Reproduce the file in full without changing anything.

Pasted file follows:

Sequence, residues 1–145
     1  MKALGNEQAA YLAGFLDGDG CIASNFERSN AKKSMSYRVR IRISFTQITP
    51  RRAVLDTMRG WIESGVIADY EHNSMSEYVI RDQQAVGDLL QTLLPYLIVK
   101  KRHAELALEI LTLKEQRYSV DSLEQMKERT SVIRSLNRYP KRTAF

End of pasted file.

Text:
Sequence, residues 1–145
     1  MKALGNEQAA YLAGFLDGDG CIASNFERSN AKKSMSYRVR IRISFTQITP
    51  RRAVLDTMRG WIESGVIADY EHNSMSEYVI RDQQAVGDLL QTLLPYLIVK
   101  KRHAELALEI LTLKEQRYSV DSLEQMKERT SVIRSLNRYP KRTAF